Click the pic to see all the gross, unhealthy toppings up close.  Cocoa Pebbles, anyone?

My yogurt fantasy was topped with honey, banana and wheat germ. However, YogaBerry pretty much only had crap toppings. Like Fruity Pebbles. Ick. So I got my 8 oz. yogurt (which, by the way, was too too big) topped with banana, blueberries and strawberries. This was, sadly, a mistake. The banana was okay but the blueberry and especially the strawberry were too overpowering; once I had a taste of those fruits I could no longer taste the yogurt.

The other problem with the yogurt (and yes I am acutely aware of how asinine it is for me to be going on and on about yogurt…but I don’t get out much and really, I take dairy products very seriously) was ( sounds so foodie of me to say this but…here it goes…) the mouthfeel. The yogurt, which is frozen in a soft serve machine, was too cold and icy. It was not smooth. It did not melt in my mouth (or in the cup for that matter). I don’t know what kind of stabilizers YogaBerry uses for its yogurt (which is organic), but I feel they could definitely use a master recipe make-over. Maybe adding some fat to their yogurt would help!

By the time I got done with this part of my Jacksonville tour, it was already past 2pm. I brought directions with me for the Jacksonville Farmers Market, and even though I was already out later than I planned to be, headed across town with hopes of scoring some locally grown fruit.

Right away I was struck by the fact that most of the people selling produce were, in fact, not farmers. It seemed like they just bought produce wholesale and were reselling it at the market *cheap*. There were many vendors and most had none or little of their teeth in their mouth. Bare bones and raw, there was no illusion that one just stumbled upon a fresh air market in a cobble stoned paved European city center. No. This was not an experience to be savored. Just a place to pick up some fresh produce at discount prices.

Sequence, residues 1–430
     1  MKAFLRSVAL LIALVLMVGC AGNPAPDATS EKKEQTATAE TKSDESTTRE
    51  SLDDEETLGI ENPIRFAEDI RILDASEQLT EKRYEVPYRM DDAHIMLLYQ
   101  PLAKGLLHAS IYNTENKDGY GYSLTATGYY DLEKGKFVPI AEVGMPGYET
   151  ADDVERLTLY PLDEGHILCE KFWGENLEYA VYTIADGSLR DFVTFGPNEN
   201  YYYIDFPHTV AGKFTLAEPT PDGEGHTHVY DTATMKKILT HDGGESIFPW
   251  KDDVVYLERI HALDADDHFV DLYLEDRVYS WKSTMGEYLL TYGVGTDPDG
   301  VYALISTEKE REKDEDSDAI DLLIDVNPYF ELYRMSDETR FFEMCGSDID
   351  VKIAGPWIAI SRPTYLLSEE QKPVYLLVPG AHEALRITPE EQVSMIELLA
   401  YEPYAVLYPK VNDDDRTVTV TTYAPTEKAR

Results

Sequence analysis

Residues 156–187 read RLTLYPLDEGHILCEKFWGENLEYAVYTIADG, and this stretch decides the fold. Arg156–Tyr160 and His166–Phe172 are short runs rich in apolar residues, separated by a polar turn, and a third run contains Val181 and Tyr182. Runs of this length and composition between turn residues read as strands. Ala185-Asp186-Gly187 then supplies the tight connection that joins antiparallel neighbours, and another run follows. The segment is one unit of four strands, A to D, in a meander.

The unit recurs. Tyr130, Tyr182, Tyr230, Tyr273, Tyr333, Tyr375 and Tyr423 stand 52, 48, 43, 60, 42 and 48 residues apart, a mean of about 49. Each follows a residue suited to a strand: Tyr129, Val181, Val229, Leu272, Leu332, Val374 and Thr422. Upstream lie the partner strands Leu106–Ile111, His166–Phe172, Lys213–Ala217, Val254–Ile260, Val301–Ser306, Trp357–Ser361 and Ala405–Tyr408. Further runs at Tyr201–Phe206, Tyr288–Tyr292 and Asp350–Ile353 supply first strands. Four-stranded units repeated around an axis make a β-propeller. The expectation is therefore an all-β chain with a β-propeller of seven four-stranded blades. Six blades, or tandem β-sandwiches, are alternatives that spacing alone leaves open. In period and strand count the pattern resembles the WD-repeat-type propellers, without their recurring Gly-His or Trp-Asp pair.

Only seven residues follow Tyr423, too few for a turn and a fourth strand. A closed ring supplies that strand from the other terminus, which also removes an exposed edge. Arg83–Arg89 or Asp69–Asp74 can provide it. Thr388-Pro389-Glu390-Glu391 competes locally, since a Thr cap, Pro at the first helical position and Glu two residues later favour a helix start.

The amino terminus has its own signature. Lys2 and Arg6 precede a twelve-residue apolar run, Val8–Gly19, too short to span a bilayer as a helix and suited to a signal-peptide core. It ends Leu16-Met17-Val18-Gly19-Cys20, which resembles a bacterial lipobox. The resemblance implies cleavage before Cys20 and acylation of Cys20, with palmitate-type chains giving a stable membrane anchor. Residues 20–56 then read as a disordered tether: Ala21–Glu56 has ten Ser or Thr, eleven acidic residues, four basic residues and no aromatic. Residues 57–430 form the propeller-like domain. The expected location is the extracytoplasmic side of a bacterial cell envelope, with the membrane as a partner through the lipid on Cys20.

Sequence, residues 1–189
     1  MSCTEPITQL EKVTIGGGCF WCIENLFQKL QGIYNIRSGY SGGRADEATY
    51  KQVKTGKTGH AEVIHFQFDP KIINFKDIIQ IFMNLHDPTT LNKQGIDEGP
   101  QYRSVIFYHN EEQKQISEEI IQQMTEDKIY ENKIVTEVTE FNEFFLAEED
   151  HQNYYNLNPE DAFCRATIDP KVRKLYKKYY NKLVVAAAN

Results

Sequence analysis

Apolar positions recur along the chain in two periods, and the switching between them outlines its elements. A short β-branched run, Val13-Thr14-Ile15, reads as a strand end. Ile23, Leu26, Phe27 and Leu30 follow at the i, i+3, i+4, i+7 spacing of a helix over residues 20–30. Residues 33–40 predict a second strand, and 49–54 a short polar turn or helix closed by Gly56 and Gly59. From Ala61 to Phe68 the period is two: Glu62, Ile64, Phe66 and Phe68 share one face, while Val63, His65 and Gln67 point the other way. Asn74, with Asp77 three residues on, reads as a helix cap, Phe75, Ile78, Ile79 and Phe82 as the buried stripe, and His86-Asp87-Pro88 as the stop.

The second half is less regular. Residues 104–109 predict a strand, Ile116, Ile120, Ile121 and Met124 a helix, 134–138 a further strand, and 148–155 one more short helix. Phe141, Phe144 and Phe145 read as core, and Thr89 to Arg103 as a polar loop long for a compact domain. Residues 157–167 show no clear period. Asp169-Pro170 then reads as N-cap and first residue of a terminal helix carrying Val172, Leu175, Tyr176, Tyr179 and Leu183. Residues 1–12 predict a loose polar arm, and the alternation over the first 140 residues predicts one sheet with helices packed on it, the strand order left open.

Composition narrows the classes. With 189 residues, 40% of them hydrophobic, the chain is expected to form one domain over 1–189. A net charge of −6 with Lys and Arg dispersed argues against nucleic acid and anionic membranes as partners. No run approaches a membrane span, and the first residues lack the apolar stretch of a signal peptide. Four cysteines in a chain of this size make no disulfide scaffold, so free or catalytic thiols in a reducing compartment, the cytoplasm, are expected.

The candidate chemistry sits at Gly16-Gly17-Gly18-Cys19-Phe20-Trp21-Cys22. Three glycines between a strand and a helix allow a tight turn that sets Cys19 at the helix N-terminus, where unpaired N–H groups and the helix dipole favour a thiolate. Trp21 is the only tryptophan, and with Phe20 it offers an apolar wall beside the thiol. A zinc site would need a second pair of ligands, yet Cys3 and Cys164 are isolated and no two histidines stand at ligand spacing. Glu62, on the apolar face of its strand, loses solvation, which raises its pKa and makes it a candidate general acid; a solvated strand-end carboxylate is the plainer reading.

The pepper lady was very nice and knowledgeable. She was happy to give me a good price for buying all her locally grown chilies.

Most of the vendors were very nice and honest, I have to say. Here is a photo of a woman I bought chilies from. These chilies were grown in Starke, which is closer to Alachua than to Jacksonville. I asked one vendor where some fruit was from and she answered “Miami.” “No, not where did you get it from, where was it grown?” She didn’t like this question and just clicked her gums at me. Dissed and dismissed.

Like many vendors, this man was selling locally grown muscaadine grapes.  “My fruit is all sweet….like me!”  He made me take his picture a few times until he got his “chillin’ like Cool J” pose down. I kid you not, this is what he said. Hey, Ladies Love Cool James. I bought nothing from this gentleman.

This is the joint.

I have no desire to return to the Jacksonville Farmers Market, which is located by the fine dining establishment of Tian’s Kitchen Chinese Food. But I appreciate that people are able to get fresh produce at cut rate prices in the middle of the worse part of town. The farmers market may not exactly be the epitome of “green pathways out of poverty“, but it is a definite plus for the local community.

I did buy local honey from this man who was very nice and helpful about the honey selection (which he purchases from a local honey man).  We don’t really eat honey, but if we want to…well, let’s just say it is now an option.